The Top 3 Social Media Concerns that Keep Hotel Execs Up at Night

By Benjamin Jost Co-Founder & CEO, TrustYou | August 13, 2017

If you ask most hospitality C-levels, social media might not be their top of mind priority. And why would it? Between worrying about operations, finances (average daily rates and average length of stay), staff turnover and more, social media is just one item at the end of the list.

But the truth is, the number one thing that we should all worry about is guest satisfaction – I know I don’t need to hammer that home; however, what I do need to mention is that guest satisfaction comes from many places, and is heavily influenced by what people are saying online, not just what happens at your hotel.

From a C-level perspective, managing your company’s Twitter page or reading every review just isn’t the reality (that’s why we hire those great social media managers or amazing multi-tasking front desk agents). Rather than let social media fall to the bottom of an ever-growing to do list, instead, break it down to the three most important things you can focus on that will impact your hotel’s guest satisfaction the most.

1, What’s the Cost of Lacking a Social Ambassador?

There’s a cost to not caring about social media. Recent studies show a strong correlation between online review score 1.s and revenue per room – a Cornell study found that if a hotel increases its average review by one
point on a five point scale, the hotel could raise its price by about 11 percent and still keep occupancy and market share consistent. Plus, a TrustYou study found that people are willing to pay more for a hotel that
had higher review scores. Having social ambassadors for your hotel tie directly to revenue management.

The traits of a successful social ambassador are: relatable (consider your target guest – who stays at your hotel? Look for guests that fit the mold – age, gender, occupation, etc.), frequent visitor (more likely to have a multitude of experiences to draw from), and active on a minimum of three social channels. Consider enticing guests with a social ambassador program – guest of the month that goes behind the scenes in exchange for sharing their reviews. Key Takeaway: When you link revenue to social, that puts its importance into perspective. Ask your social media manager today if you’re tracking the demographics of your online reviewers (age, gender, etc.), what they’re saying (ideally, aggregated by category – rooms, entertainment, staff etc.) and where they’re saying it (your website, social, etc.). Then, use this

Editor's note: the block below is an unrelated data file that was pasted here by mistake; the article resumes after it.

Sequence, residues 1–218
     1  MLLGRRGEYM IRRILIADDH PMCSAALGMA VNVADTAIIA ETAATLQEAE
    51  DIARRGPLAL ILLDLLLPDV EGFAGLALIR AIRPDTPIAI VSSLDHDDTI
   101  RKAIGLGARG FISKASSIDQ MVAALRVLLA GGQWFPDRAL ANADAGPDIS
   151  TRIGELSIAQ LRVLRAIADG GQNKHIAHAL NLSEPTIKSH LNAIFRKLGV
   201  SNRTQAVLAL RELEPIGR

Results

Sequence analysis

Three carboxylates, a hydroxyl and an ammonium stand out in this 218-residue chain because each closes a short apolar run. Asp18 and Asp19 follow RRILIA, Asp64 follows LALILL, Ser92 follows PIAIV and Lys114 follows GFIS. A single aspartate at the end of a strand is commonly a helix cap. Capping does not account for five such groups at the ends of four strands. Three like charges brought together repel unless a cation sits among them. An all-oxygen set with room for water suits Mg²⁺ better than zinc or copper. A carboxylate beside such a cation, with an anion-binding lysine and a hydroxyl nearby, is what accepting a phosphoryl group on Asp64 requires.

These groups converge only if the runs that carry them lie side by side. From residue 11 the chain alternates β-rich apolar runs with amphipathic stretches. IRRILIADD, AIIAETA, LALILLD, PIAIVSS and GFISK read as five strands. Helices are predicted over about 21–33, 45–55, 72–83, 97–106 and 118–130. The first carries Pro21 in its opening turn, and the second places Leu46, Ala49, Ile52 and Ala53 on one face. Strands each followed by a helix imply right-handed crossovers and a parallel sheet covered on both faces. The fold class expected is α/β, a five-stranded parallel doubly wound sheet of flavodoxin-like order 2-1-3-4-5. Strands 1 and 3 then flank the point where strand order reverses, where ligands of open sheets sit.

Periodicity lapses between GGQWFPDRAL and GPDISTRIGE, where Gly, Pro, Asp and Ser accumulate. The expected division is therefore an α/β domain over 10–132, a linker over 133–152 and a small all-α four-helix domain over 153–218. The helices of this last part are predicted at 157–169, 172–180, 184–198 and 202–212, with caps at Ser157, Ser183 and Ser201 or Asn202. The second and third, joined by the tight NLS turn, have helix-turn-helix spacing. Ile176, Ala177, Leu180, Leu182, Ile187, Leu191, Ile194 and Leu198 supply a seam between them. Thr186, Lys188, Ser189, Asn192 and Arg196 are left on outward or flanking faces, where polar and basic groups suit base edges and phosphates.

data to figure out the characteristics of who your social ambassadors are most likely to be, so you can target them specifically for more online reviews.

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Human Resources: Value Creation

Businesses must evolve to stay competitive and this is also true of employment positions within those organizations. In the hotel industry, for example, the role that HR professionals perform continues to broaden and expand. Today, they are generally responsible for five key areas - government compliance; payroll and benefits; employee acquisition and retention; training and development; and organizational structure and culture. In this enlarged capacity, HR professionals are no longer seen as part of an administrative cost center, but rather as a member of the leadership team that creates strategic value within their organization. HR professionals help to define company policies and plans; enact and enforce systems of accountability; and utilize definable metrics to measure and justify outcomes. Of course, there are always new issues for HR professionals to address. Though seemingly safe for the moment, will the Affordable Care Act ultimately be repealed and replaced and, if so, what will the ramifications be? There are issues pertaining to Millennials in the workforce and women in leadership roles, as well as determining the appropriate use of social media within the organization. There are new onboarding processes and e-learning training platforms to evaluate, in addition to keeping abreast of political issues like the minimum wage hike movement, or the re-evaluation of overtime rules. Finally, there are genuine immigration and deportation issues that affect HR professionals, especially if they are located in Dreamer Cities, or employ a workforce that could be adversely impacted by federal government policies. The March Hotel Business Review will take a look at some of the issues, strategies and techniques that HR professionals are employing to create and sustain value in their organization.